Joyce Manor, Hotelier, Crying | Metro | Rock, Pop, Etc | Chicago Reader
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Joyce Manor

Dan Monick

Joyce Manor, Hotelier, Crying 

When: Sat., Oct. 15, 7 p.m. 2016
Price: $21, $19 in advance
Though emo got harangued during its posthalcyon Billboard assault in the 2000s as a genre that gladly nurtured teen melodrama and perpetual adolescence, its fourth wave pushes past those attitudes. Hailing from Torrance, California, Joyce Manor offer the brand new Cody (Epitaph), an album that punctures the notion of emo as populated by a bunch of thirtysomethings with Peter Pan complexes. With an aptitude for pop-punk influenced by Blink-182 and 90s posthardcore, Joyce Manor got their start with nervy songs that barely pass the one-minute mark. Most of the tracks on Cody are just a hair shorter than three, and the group plays them with a refined patience that allows worlds to flourish. On “Stairs,” the only tune that clocks in longer than four minutes, front man Barry Johnson (who just turned 30) sings about struggling with menial adult responsibilities at 26, his weary voice imparting a sense of grief: “Oh I can’t do laundry / Christ, I can’t do dishes / What’ll I do without you? / When your body fails you.” His vocals and lyrics are straightforward but open-ended, allowing his gaze to fix on an uncertain future. Joyce Manor play their effervescent blend of postpunk as if these songs are all that can keep them grounded as they rocket towards a fate unknown.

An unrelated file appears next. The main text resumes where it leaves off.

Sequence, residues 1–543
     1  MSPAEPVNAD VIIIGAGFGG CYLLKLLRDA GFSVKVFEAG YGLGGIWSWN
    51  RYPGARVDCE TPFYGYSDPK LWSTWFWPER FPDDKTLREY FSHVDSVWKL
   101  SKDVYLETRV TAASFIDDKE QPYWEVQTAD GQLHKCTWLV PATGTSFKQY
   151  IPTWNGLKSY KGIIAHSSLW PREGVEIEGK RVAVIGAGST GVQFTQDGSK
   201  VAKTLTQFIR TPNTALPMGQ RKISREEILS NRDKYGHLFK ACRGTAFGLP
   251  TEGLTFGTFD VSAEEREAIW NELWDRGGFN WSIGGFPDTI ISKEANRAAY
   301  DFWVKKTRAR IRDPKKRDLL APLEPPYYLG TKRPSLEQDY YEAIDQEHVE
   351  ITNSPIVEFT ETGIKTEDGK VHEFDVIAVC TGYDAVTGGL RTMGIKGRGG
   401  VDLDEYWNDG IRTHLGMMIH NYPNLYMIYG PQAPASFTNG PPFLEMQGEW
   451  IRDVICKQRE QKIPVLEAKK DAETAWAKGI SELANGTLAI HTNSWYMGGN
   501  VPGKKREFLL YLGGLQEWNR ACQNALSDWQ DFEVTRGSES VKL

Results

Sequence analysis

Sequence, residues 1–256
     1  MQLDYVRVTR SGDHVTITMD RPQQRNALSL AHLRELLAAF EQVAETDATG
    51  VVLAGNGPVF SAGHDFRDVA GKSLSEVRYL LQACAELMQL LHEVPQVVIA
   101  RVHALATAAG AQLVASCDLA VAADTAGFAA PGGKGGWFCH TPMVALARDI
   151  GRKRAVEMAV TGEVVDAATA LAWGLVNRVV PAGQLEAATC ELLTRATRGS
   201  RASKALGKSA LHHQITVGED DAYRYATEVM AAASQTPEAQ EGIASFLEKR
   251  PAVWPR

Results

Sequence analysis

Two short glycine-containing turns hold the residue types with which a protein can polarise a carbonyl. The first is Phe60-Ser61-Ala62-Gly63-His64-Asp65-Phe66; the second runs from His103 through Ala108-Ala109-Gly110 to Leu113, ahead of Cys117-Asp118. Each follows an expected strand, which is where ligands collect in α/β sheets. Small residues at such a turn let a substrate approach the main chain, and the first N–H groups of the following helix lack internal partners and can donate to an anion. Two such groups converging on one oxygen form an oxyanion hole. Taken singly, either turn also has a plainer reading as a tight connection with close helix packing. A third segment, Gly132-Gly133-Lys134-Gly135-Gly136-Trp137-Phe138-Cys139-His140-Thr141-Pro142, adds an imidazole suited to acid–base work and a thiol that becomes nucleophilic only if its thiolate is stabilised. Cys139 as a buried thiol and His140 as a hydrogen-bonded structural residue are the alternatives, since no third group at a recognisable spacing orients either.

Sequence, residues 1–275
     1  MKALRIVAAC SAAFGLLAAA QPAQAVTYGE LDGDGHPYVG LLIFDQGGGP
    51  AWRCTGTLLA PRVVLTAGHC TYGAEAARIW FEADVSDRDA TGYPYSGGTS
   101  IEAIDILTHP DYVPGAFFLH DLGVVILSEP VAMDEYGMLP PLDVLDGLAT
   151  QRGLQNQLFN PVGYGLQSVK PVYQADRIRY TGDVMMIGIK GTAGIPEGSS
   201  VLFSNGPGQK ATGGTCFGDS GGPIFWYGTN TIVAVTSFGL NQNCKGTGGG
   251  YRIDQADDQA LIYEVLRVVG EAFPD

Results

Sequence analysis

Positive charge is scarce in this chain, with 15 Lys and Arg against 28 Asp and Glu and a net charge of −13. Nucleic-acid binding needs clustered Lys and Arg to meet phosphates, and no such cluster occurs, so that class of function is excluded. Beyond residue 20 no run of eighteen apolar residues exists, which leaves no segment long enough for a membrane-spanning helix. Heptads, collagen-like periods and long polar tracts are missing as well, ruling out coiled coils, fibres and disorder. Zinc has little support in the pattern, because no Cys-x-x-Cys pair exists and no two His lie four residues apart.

— Leor Galil

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